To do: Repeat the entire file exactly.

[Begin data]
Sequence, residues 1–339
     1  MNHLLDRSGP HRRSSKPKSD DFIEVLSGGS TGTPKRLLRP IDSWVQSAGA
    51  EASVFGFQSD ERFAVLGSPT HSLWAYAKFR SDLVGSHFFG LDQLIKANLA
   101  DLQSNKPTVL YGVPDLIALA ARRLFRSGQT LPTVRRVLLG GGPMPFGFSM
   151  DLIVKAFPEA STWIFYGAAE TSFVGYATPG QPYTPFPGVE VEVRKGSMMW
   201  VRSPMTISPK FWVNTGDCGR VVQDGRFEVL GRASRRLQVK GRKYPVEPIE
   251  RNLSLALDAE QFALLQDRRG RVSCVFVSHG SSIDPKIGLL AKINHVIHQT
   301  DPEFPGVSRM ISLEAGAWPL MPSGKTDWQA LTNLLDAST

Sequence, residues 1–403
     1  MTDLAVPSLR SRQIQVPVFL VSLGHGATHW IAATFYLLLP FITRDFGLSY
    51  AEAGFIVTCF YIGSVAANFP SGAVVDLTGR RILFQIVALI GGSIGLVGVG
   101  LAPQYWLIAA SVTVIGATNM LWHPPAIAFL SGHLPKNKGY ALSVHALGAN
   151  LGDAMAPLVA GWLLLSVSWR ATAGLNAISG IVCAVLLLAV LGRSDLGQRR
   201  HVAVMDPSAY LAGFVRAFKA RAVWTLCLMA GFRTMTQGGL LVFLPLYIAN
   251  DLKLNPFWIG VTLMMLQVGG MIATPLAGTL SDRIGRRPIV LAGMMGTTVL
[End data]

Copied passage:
Sequence, residues 1–339
     1  MNHLLDRSGP HRRSSKPKSD DFIEVLSGGS TGTPKRLLRP IDSWVQSAGA
    51  EASVFGFQSD ERFAVLGSPT HSLWAYAKFR SDLVGSHFFG LDQLIKANLA
   101  DLQSNKPTVL YGVPDLIALA ARRLFRSGQT LPTVRRVLLG GGPMPFGFSM
   151  DLIVKAFPEA STWIFYGAAE TSFVGYATPG QPYTPFPGVE VEVRKGSMMW
   201  VRSPMTISPK FWVNTGDCGR VVQDGRFEVL GRASRRLQVK GRKYPVEPIE
   251  RNLSLALDAE QFALLQDRRG RVSCVFVSHG SSIDPKIGLL AKINHVIHQT
   301  DPEFPGVSRM ISLEAGAWPL MPSGKTDWQA LTNLLDAST

Sequence, residues 1–403
     1  MTDLAVPSLR SRQIQVPVFL VSLGHGATHW IAATFYLLLP FITRDFGLSY
    51  AEAGFIVTCF YIGSVAANFP SGAVVDLTGR RILFQIVALI GGSIGLVGVG
   101  LAPQYWLIAA SVTVIGATNM LWHPPAIAFL SGHLPKNKGY ALSVHALGAN
   151  LGDAMAPLVA GWLLLSVSWR ATAGLNAISG IVCAVLLLAV LGRSDLGQRR
   201  HVAVMDPSAY LAGFVRAFKA RAVWTLCLMA GFRTMTQGGL LVFLPLYIAN
   251  DLKLNPFWIG VTLMMLQVGG MIATPLAGTL SDRIGRRPIV LAGMMGTTVL